Malchen Kissinger, portrait photo from around 1930.

(Nuremberg City Archives, C21/VII No. 82)

Hochstrasse 22 is circled in red. The street that runs parallel to Hochstrasse is Deutschherrnstrasse. The sports fields on the Deutschherrn Meadow (Deutschherrnwiese) are visible at the top of the picture. The three streets that lead to the meadow are, from west to east (from left to right in the picture), Blumenthalstrasse, Moltkestrasse and Solgerstrasse. Aerial photo 1927.

(Nuremberg City Archives, A 97 No. 264)

Malchen Kissinger


Location of stone: Hochstrasse 22 District: Himpfelshof
Sponsor: Julia Bartolome Laying of stone: 26 June 2022


On 26 June 2022 Gunter Demnig laid ten stumbling stones at eight different locations in the city.  He began where he had finished: in June 2021 a stumbling stone had been laid for Fritz Kissinger at Hochstrasse 22. On the initiative of Mrs Bartolome, a stone was now laid for his mother Malchen. She was murdered in Auschwitz.

Amalie (known as Malchen) Erlanger was born on 4 October 1881 in Fürth. She had four brothers and sisters. Her parents were Max Erlanger and Zerline (née Oettinger). In Fürth in May 1904 Malchen married businessman Daniel Kissinger. Daniel, the son of businessman Maier Kissinger and his wife Jeanette (née Steinlein), lived in Nuremberg, where he manufactured and sold leather goods. He was born on 4 January 1877 in Kissingen.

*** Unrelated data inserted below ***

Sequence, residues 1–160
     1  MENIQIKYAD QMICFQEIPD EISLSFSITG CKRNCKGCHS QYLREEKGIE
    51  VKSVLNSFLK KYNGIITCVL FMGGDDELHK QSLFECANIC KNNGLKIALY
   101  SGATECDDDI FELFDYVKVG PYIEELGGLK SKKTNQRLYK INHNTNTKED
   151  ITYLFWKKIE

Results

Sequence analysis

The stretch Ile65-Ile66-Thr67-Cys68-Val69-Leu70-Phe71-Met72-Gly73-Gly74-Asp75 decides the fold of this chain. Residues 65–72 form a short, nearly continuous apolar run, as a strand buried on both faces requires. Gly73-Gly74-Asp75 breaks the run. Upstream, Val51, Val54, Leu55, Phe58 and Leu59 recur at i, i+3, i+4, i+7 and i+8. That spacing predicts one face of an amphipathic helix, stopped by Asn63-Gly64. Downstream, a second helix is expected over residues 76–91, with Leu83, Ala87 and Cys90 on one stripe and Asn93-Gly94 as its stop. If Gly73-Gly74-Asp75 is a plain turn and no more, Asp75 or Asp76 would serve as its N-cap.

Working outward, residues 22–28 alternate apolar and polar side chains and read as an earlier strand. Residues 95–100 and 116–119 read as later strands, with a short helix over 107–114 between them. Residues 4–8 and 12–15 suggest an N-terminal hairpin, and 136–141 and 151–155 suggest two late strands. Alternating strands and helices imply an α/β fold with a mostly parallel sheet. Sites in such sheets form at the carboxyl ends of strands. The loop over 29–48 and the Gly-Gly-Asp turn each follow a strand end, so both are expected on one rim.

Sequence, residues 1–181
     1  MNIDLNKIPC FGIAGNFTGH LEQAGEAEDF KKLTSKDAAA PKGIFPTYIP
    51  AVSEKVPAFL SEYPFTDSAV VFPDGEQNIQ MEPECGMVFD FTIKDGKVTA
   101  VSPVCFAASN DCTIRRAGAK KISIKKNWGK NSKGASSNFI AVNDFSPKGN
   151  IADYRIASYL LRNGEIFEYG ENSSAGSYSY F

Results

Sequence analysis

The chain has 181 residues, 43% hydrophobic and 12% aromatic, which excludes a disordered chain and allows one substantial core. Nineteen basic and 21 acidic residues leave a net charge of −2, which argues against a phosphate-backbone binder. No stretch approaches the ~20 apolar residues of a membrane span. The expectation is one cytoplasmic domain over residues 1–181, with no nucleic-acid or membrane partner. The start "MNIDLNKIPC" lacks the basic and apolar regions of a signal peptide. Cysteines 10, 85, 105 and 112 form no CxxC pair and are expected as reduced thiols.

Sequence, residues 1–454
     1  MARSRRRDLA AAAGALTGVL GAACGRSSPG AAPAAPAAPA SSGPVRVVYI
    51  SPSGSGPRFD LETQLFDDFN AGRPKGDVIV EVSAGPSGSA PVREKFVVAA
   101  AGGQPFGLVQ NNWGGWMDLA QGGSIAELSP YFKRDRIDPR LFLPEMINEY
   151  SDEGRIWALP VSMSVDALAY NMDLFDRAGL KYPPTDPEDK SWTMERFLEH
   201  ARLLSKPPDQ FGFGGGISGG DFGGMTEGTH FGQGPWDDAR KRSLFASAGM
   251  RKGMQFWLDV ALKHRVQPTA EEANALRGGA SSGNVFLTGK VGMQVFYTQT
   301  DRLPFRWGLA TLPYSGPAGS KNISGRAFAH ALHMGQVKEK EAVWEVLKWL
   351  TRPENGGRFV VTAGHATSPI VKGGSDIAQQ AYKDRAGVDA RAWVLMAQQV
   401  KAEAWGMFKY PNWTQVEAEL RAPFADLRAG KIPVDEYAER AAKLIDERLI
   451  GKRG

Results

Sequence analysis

In September 1904 the couple moved to the apartment in Hochstrasse 22. They had two sons: Fritz (born on 8 May 1905 and Walter (born on 10 August 1910). 

Both sons managed to emigrate before the outbreak of the Second World War. Daniel Kissinger died on 24 August 1942 in Nuremberg. The cause of death is unknown. 

On 10 September 1942 Malchen Kissinger was deported to Theresienstadt concentration camp, where she spent almost two years. On 18 May 1944 she was taken to Auschwitz concentration camp and murdered there. 

- Nuremberg City Archives C 21/X No. 5 registration card.

- Nuremberg City Archives (ed.), Gedenkbuch für die Nürnberger Opfer der Schoa (Quellen zur Geschichte und Kultur der Stadt Nürnberg, vol. 29), Nuremberg 1998, p. 167.

- Nuremberg City Archives (ed.), Gedenkbuch für die Nürnberger Opfer der Schoa, supplementary volume (Quellen zur Geschichte und Kultur der Stadt Nürnberg, vol. 30), Nuremberg 2002, p. 30.

- Correspondence with Elizabeth Levy, one of Kissinger’s relatives, spring 2021.

Stolpersteine in the vicinity